On Feb 9, 2006, at 5:20 PM, Edward Pollard wrote:
Since I really can't explain the environmental factors in any depth, let me rephrase: How do you sell Zope 3 as a solution?

It depends on the audience. It also depends on who's talking. The people who do this selling on a regular basis don't often hang out here. Here's an attempt by a developer.

Whoever you talk to, you can talk about the success of Zope 2, the CMF, and Plone.

If the audience is people interested in through-the-web programming, you steer them to a Zope 2 based solution (at least right now).

If the audience is comprised of experienced programmers, ideally with Python experience, and even more ideally with ZODB experience, you might mention the years of experience that went into the Zope 3 redesign. You might talk about the clean design, the excellent test culture, the emphasis on documentation, the better reuse options, and the embracing of other Python projects. You might point out the two Zope 3 books available in such a relatively short time after the Zope 3 release. If the audience is interested in the ZODB, you talk about the ACID compliance, the recent improvements to the conflict handling (MVCC), and so on.

If the audience is further comprised of people who work on big sites, you talk about the scalability of ZEO, and the open-source front-end options.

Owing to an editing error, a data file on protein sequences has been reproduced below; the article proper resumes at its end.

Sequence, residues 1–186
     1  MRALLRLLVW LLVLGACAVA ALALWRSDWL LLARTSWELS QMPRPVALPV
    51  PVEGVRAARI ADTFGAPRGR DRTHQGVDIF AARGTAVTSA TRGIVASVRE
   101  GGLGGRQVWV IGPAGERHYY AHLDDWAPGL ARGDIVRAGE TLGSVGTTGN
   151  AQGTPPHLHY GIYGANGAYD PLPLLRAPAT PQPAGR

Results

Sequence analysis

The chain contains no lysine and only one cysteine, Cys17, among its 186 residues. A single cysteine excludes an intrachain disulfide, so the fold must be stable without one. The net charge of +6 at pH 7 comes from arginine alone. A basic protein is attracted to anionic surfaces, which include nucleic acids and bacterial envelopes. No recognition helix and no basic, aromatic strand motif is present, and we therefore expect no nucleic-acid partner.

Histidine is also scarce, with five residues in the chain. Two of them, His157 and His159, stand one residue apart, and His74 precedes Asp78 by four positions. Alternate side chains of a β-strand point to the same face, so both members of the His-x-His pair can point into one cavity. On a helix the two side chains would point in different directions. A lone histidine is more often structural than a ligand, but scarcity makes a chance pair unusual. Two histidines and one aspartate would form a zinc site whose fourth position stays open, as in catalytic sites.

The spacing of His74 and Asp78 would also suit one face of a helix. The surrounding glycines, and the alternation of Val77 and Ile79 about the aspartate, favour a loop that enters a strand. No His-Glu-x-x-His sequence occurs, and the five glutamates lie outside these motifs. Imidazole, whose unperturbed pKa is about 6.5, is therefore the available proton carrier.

If the audience is concerned about yet-another-Zope-3-rewrite, you first acknowledge their are no guarantees. Then you can mention that Jim Fulton, Zope Pope, has said that he won't write a Zope 4. You can also talk about some of the Zope 2/Zope 3 efforts, which I mention below.

Maybe others can offer more. I'm just moving on to the next question. :-)

And what do you do to overcome the perception that our investment in Zope 2 will have little to no payoff in a Zope 3 developed project?

It's likely that you have four kinds of knowledge from your Zope 2 investment:

- Python knowledge (good for Zope 3)
- Templating knowledge (good for Zope 3: DTML and ZPT exist)
- ZODB knowledge (good for Zope 3)
- Zope 2/CMF tool knowledge (you'll want to forget a lot of this, although concepts like object publishing, tree traversal, object file system, and CMF tools carry over in some recognizable ways)

So you're losing part of the fourth category. The relative percentage loss that represents for you is something only you can answer. The return for switching is a clean, powerful, test-driven architecture: pretty exciting, to me.

There are two side issues:
First, ColdFusion and ASP are the other candidates, so while I don't want to encourage and dwell on specific comparisons, I would be lying if I said they wouldn't come in handy.

I'm afraid my knowledge of these is very out of date. Python is an obvious important differentiator, though perhaps .Net's CLR and the upcoming 1.0 release of IronPython might change that story.

Second, the existence of Zope 3 has completely shot any support for Zope 2 continuation out of the water in our environment. Is this fair, or is there life left to the Zope 2 tree we've developed some experience in? Should I be considering pitching a Zope 2 solution instead?

I don't know: that's a very hard question.

I'll mention a few interesting data points, FWIW.

I think most or all of the big Zope-based companies still make their living mostly on Zope 2 code. Some are moving towards Zope 3 via Zope 2/Five, and some are moving their applications piece by piece to Zope 3, whole cloth.

Jim Fulton, Zope Pope, works for a company like that, and has voiced significant interest in Zope 2 merging with Zope 3. Many others in the community feel that way too.

No easy answers. ;-)


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